Cover of the January 2013 issue of ASBMB Today

January   2013


The cover story of the January 2013 issue of ASBMB Today reports on the results of a recent ASBMB survey of young biochemists and molecular biologists. In a sidebar, Fred Maxfield of Weill Cornell Medical College, who leads the ASBMB committee focused on mentoring, writes about what the respondents had to say regarding the advice they receive. Also in this issue are preview articles about the 2013 ASBMB Special Symposia lineup. And, for those of you uncertain about how using certain social media tools can benefit you personally and professionally, Rajini Rao of the Johns Hopkins University School of Medicine offers a testimonial on the value of Google Plus.

Cover of the February 2013 issue of ASBMB Today

February   2013


In the February 2013 issue of ASBMB Today, our personal essay series “Derailed but Undeterred” launches with a piece by Wendy Knapp Pogozelski called “The uses of metabolic adversity.” For the cover story, “The other malaria parasite,” we talked to researchers studying the ill-understood parasite that causes most malaria cases outside of Africa. Meanwhile, in the mentoring column, Jim Keen offers some advice for those just embarking upon a life of academic research. And contributor Cristy Gelling interviews artist and science student Maja Klevanski, who sees structures in the Protein Data Bank in very unique ways.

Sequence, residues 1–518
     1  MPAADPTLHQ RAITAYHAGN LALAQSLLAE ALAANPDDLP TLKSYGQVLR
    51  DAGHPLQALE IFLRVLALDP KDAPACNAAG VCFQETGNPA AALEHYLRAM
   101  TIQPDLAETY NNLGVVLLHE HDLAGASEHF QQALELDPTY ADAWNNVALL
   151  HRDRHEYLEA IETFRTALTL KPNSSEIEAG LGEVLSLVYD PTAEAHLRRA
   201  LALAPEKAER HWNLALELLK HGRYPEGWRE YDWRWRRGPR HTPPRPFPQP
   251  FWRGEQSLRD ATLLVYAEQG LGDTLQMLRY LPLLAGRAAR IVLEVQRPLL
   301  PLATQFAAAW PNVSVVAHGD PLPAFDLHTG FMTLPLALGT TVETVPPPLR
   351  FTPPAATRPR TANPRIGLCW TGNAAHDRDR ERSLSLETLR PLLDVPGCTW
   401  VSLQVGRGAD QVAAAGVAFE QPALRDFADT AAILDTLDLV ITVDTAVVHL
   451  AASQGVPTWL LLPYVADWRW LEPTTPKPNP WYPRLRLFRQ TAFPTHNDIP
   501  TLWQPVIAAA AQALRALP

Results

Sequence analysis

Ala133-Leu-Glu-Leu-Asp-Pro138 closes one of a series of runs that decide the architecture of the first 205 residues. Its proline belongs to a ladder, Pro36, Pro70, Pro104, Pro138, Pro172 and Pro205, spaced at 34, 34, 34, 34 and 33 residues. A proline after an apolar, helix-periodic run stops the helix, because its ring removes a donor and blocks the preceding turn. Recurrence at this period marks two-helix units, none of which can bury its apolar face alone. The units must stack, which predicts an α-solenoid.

Cover of the March 2013 issue of ASBMB Today

March   2013


In the March 2013 issue of ASBMB Today, the second installment of our personal essay series, “Derailed but Undeterred,” is by Martha Lewis, who fled Sierra Leone as a child and now is pursuing a career as a physician–scientist. You’ll also find the first part in our two-part coverage of the society’s annual award winners. Look for others in the April issue. In the minority affairs column, Squire J. Booker writes about making careers in science accessible for those with disabilities. And we have news items from the ASBMB journals.

Cover of the April 2013 issue of ASBMB Today

April   2013